I shall linger for a moment over the word "real"—

and that the remaining £700 million, which is roughly two thirds of the total new reduction, is according to the Department due to

Let us look at these other benefits more closely. I draw the Minister's attention first to table 1 in the appendix to today's document, which I shall also wave in the direction of the Liberal Democrat spokesman. According to this table, disability living allowance fraud has fallen from £500 million last year to only £40 million this year—a dramatic drop. That gives the Minister some £400 million of his £700 million saving. However, I now draw the Minister's attention—he may not think that we read these documents, but we certainly do—to footnote 2 at the bottom of table 1. It says that

Why is that? It is because, as the footnote also says,

The Minister and the Department are quite entitled to change the methodology, and the Minister referred to that point in his speech, but how is it possible to claim a £460 million saving while conceding that the figures on which the savings are based are not comparable?

Mr. Plaskitt: Does the hon. Gentleman agree in return that it would have been completely impossible to
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have had a debate of this nature between 1979 and 1995, because the then Government made absolutely no effort whatever to measure benefit fraud?

Mr. Goodman: The Minister asks whether I agree in return, which means that he is conceding my point and conceding that the two are not comparable. In 1997, he fought the election on the manifesto pledge that Labour

Labour was not saying that the then Government were doing nothing at all; it was saying that we were doing something and that it would build on it. He has just conceded that the basis on which the claim is made is simply not comparable.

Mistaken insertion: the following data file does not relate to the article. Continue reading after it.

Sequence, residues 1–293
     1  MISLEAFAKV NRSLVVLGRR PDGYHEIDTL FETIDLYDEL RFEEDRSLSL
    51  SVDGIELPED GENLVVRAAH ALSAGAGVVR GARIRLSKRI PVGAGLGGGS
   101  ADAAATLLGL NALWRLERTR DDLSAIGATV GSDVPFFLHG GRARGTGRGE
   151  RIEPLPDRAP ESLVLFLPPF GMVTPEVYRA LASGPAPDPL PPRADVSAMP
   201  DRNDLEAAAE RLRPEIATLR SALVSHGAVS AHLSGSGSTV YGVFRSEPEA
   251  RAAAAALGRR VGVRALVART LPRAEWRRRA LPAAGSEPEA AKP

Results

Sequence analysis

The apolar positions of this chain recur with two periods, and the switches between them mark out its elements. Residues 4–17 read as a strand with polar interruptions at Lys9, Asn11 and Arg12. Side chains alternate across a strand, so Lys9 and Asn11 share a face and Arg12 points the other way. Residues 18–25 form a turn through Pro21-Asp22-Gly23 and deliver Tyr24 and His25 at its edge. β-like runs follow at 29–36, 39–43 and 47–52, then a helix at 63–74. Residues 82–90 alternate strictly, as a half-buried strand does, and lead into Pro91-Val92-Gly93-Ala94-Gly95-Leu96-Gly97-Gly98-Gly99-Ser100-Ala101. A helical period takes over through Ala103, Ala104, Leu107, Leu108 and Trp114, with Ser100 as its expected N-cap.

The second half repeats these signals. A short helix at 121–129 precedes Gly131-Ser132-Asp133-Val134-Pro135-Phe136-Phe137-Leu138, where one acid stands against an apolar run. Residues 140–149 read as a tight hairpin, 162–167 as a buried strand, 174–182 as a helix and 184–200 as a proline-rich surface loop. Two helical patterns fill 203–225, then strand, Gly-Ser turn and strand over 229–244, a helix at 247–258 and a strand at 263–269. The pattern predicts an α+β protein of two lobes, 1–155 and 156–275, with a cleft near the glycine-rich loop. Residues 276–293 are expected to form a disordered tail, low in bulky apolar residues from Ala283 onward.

The Government have failed to reduce the total amount of taxpayers' money being wasted, so can the Minister explain why his written statement issued earlier today mentioned only a fraud figure and specifically failed to mention an error figure? Indeed, was that admission itself an error, or perhaps something worse?

Furthermore, figures issued by the Department up until today have been rounded to the nearest £500 million, as the Minister said, so they have scarcely been a measure of exactitude. The figure is important, because an error margin of such a size would be more than enough to cancel out the 38 per cent. fraud reduction in income support and jobseeker's allowance reported by the Public Accounts Committee. The Committee's report said:

I make it clear that we welcome the new rounding to the nearest £100 million, although being £100 million out scarcely represents an accurate calculation either, so the Department will want to work on that. The Secretary of State is in the Chamber. If he sold his memoirs, as he might do, for £100 million and was overpaid so that he got £200 million, or underpaid so that he got nothing at all, he would certainly want to know about it.

On overpayments, which according to official figures amounted to more than £1 billion in March last year, the Committee noted:

of the estimated £9 billion overpaid during the past three years. It also notes that of that £9 billion, only £550 million has been recovered. Furthermore, some of the estimates on which the figures are based are more than six years old, because the Department has rightly given priority to high-risk benefits, such as income support, jobseeker's allowance and housing benefit.

The Minister said, in effect, that the Department has a good chance of meeting the target of reducing income support and JSA fraud and error by 50 per cent. from 1997–98 levels by March 2006. However, we must consider the target of reducing housing benefit fraud and error from the 2002–03 levels by 25 per cent. by March 2006. In the baseline period of 2002–03, the amount of benefit overpaid to working-age claimants in the housing benefit review sample—a sample must be used when examining housing benefit because getting to the bottom of it is complicated—was estimated at 6 per cent. of total benefit paid. Last year, the figure was estimated at 5.8 per cent., which represents a drop. The